If you’re anything like me, you’re still mourning Penny Dreadful, John Logan’s love letter to Victorian literature that came to an abrupt and completely unsatisfying — not to mention entirely unnecessary — end last month. (I’m not bitter, I promise.) And while I can re-read Dracula until the end of days, I went looking for some new media to soothe my wounded soul.
Of course, Titan only recently launched a Penny Dreadful prequel comic. But if you’re looking for new titles to explore that might be only tangentially related to the show and its themes, and that might help you move on from Vanessa Ives and her Victorian monster squad, here are a few to try:
Pretty Deadly [Kelly Sue Deconnick (writer); Emma Rios (art); Jordie Bellaire (colors); Clayton Cowles (letters)]
The story of Death’s daughter, Ginny, a reaper who collects the souls of the dead, is a story of the many people who have circled in and out of her life, from the nineteenth century wilderness of the American West to the battlefields of the Great War in Europe.
Female-led narratives are important to me, both in the creative team and on the page. Pretty Deadly has the same kind of wide-and-deep mythology that made me fall in love with Penny Dreadful in the first place, unafraid to face life, death, fear, cowardice, bravery, and every other facet of humanity in between.
Ten years after being captured and chained up in the Tower of London, Dracula manages to escape his imprisonment with the help of a mild-mannered librarian, sending both on the run through 1901 England as Dracula seeks to reclaim his rightful place as king of the vampires.
Dracula himself only appears as an actual character in the final season of Penny Dreadful, but the influence of the Bram Stoker novel is evident throughout the series. This comic series blends the basic Dracula premise, including several callbacks to the book, with a healthy dose of humor and a high-action storyline, that makes great use of old characters in a new and exciting setting.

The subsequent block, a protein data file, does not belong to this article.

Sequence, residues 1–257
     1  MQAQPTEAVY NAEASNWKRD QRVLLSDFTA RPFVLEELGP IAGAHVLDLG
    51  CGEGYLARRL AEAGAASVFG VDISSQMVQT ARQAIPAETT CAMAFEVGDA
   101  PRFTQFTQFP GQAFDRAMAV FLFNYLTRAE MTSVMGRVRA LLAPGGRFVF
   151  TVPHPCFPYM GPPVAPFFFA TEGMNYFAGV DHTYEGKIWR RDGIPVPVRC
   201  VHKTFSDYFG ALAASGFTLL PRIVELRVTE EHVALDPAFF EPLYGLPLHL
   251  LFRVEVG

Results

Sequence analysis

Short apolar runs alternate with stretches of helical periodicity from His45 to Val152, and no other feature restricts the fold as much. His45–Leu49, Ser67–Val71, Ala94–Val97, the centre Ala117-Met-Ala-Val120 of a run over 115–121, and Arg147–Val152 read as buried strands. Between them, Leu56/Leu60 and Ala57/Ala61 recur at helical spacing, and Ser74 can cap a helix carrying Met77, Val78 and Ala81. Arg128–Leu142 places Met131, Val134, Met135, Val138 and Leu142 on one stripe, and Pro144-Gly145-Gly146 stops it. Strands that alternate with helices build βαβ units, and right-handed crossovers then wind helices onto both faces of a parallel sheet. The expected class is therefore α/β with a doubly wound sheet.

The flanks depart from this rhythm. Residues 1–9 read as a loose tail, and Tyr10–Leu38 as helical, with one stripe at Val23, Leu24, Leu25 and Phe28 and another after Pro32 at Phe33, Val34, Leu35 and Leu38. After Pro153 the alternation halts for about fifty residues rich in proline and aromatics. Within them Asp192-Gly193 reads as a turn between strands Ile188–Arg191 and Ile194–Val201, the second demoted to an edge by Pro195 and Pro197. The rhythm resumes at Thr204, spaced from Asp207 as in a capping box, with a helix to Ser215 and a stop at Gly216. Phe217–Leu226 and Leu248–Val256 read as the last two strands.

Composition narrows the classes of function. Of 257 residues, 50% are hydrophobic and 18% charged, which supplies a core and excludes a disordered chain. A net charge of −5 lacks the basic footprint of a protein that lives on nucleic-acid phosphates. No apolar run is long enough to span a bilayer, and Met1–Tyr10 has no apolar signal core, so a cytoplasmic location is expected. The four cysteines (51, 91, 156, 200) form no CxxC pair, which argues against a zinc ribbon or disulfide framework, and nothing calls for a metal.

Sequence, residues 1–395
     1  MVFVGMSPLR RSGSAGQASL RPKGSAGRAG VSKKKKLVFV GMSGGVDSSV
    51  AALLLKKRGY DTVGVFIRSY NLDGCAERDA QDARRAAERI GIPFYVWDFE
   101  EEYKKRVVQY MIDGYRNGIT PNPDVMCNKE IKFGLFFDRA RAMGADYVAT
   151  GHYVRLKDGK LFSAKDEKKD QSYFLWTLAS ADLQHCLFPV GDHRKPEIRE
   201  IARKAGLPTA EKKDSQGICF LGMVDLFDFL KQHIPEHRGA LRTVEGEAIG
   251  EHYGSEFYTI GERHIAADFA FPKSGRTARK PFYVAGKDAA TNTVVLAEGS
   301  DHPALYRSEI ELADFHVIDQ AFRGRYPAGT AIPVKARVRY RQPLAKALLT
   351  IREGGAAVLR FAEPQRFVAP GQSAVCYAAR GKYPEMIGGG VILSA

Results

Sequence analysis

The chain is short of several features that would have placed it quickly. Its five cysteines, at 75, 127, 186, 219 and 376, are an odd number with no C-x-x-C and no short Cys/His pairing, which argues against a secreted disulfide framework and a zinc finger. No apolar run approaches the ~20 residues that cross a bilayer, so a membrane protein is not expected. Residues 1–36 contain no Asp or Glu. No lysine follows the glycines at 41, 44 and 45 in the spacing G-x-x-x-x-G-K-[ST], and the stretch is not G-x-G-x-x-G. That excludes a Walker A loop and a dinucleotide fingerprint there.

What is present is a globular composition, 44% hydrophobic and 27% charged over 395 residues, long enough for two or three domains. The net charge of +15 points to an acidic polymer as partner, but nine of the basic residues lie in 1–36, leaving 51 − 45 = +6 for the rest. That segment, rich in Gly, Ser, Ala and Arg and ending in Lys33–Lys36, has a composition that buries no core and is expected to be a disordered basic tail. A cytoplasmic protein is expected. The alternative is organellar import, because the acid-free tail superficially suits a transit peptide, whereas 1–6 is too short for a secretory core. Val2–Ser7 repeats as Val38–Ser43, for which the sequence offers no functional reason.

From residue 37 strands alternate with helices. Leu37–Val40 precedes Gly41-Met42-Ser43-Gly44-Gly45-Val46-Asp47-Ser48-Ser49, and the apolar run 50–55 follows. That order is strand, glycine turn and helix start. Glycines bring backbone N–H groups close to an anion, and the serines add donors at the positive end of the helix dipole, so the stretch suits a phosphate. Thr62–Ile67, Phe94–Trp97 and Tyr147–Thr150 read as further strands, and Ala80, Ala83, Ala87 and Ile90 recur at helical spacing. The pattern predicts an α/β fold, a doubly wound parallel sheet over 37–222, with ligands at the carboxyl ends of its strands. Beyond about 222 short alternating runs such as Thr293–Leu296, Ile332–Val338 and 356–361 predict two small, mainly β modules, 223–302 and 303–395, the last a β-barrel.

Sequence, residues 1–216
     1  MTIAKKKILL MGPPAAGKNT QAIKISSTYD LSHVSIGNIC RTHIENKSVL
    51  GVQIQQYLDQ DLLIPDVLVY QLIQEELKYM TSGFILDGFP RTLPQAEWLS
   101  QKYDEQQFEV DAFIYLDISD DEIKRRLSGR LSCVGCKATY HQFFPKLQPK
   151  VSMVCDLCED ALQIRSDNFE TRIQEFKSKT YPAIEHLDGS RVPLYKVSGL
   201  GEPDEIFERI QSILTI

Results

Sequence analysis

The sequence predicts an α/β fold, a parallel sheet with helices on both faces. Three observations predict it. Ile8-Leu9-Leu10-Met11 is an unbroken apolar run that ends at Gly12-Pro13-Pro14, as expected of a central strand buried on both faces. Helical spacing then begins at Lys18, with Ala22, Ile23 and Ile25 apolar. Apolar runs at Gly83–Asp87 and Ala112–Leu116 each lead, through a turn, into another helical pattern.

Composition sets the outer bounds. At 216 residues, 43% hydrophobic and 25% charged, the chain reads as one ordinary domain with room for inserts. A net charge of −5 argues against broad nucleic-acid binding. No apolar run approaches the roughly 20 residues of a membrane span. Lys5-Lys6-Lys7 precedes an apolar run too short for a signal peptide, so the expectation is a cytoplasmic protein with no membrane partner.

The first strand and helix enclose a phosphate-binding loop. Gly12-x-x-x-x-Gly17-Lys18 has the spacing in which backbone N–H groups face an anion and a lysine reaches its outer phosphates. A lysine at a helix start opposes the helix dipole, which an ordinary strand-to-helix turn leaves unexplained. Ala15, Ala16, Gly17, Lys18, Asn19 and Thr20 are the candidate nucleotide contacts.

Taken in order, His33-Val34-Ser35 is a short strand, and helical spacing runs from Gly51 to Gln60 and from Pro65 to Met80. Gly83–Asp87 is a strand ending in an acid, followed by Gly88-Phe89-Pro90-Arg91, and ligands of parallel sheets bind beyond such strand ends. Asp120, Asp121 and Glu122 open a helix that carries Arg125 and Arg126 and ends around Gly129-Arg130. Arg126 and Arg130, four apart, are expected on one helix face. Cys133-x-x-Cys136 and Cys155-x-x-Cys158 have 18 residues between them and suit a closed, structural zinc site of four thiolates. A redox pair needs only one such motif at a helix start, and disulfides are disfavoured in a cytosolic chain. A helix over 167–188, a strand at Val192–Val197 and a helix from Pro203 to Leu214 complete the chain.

Locke & Key [Joe Hill (writer); Gabriel Rodriguez (art)]
Following the violent death of their father at the hands of one of his deranged students, the Locke kids move with their mother to Lovecraft, Massachusetts, where they take up residence in the house of their father’s youth, a place haunted by phantoms, memories, and astounding doorways and keys that allow those who use them to transform their minds, bodies, and spirits.
The importance of family — both biological and found — is a strong thread woven throughout Locke and Key, and it’s one that you’ll find in Penny Dreadful, too. It’s only when coming together that the Locke siblings can work out the meaning of the mysterious keys and unravel the darkness in Keyhouse, just as no one member of the Dreadful family can hope to face a demon, a familiar, or a vampire on their own.
At the end of the nineteenth century in London, two women discover passion with each other, as well as astounding gifts that allow them to seek vengeance against those who would hurt the weakest of the world.